Every day, articles and reports blare the potentially terrible effects of climate change. But it's hard to get your head around so much abstract data and so many competing predictions. And when it's difficult to understand the consequences, it's hard to build up enough urgency for action.

A new study (hat tip to Business Insider) has found a clever way to bring home the likely impact of climate change. While it's hard to imagine what the world will look like in 60 years, if you've ever gotten on a southbound airplane or switched on the Weather Channel, it's dead easy to understand what the climate is like in Texas, Florida, or Mexico right now.

The scientists behind this study took advantage of this reality to offer a crystal clear illustration of what awaits us if we don't take serious action to stop climate change. By analyzing existing weather data, they developed a tool that shows what the climate in your city will feel like in 2080, with or without big cuts in emissions. Just plug your town into their handy web app and it shows you which current city your hometown will resemble weather-wise in 60 years.

"It's my hope that people have that 'wow' moment, and it sinks in for the first time the scale of the changes we're expecting in a single generation," commented Matt Fitzgerald of the University of Maryland, one of the scientists behind the project.

Don't bother passing your snow boots down to your grandkids

So exactly what will you find when you start plugging in various American cities? Unless we slow down emissions substantially, in 2080,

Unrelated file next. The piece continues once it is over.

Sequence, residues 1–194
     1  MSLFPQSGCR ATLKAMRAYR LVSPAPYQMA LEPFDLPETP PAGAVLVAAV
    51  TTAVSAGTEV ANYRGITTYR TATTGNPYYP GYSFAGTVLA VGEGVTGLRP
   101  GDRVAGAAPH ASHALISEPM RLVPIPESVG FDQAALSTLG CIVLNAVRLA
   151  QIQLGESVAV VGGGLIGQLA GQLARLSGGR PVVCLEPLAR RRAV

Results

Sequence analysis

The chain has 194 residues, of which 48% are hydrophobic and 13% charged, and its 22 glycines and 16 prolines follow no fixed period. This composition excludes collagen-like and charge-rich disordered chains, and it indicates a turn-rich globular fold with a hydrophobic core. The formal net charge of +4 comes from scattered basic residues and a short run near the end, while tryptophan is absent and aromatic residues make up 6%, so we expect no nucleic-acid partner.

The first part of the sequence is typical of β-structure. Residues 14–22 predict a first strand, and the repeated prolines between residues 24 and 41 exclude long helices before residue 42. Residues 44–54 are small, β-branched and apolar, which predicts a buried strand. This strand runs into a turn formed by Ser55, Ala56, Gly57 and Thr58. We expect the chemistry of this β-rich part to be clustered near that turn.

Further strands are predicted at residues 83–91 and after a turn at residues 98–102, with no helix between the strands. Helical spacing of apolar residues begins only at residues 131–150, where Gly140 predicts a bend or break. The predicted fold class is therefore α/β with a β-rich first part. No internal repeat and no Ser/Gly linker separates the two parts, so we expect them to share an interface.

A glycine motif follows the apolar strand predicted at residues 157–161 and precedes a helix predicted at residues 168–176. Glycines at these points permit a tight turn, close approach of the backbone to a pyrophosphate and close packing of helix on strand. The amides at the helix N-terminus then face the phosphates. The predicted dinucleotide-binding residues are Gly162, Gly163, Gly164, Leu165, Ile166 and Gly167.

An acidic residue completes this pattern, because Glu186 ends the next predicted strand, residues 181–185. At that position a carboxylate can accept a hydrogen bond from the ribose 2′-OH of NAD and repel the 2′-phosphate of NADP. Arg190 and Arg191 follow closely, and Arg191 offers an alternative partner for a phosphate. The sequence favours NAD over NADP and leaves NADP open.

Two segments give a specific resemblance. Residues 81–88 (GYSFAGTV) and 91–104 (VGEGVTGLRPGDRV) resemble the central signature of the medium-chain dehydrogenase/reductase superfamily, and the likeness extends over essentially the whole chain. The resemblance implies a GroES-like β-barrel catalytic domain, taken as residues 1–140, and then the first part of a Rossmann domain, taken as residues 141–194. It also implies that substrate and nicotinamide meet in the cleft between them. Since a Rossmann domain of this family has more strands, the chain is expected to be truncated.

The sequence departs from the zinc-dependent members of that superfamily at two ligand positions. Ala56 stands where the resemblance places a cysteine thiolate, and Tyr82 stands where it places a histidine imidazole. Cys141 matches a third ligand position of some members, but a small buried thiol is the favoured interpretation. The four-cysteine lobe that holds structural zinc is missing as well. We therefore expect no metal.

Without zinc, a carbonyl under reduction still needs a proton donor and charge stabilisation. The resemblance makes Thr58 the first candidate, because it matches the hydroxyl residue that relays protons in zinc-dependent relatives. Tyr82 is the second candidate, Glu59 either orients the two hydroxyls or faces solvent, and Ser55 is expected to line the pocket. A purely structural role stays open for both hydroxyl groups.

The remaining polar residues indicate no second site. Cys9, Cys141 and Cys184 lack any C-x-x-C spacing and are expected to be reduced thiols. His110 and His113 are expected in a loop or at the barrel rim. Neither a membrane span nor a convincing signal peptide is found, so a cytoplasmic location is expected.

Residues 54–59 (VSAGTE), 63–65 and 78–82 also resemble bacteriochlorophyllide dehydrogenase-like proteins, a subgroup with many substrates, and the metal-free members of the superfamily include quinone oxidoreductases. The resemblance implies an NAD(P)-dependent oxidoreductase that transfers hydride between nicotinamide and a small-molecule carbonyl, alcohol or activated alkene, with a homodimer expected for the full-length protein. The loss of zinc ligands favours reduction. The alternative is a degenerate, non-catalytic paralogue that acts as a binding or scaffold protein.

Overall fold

• New York City will feel like Jonesboro, Arkansas

  • Washington, D.C., will feel like Greenwood, Mississippi

  • San Francisco will feel more like Los Angeles

  • Los Angeles will feel like Las Palmas, Mexico, on the tip of Baja

  • Miami will feel like San Blas Atempa in Oaxaca in southern Mexico

  • Detroit will feel like Philadelphia

  • Denver will feel more like Amarillo, Texas

  • Anchorage will feel closer to Vancouver, British Columbia

  • Atlanta will feel like Mobile, Alabama

  • Portland, Oregon, will feel more like San Jose, California

You may have noticed a strong southward trend here, and Fitzgerald confirms that's what the data shows. "Under the business-as-usual emissions, the average urban dweller is going to have to drive nearly 1,000 km [621 miles] to the south to find a climate like that expected in their home city by 2080," he explains.

Curious exactly what kind of sunblock or air conditioning your grandkids might have to invest in? Click here to plug your city into the tool and see what impact climate change is set to have on your local weather.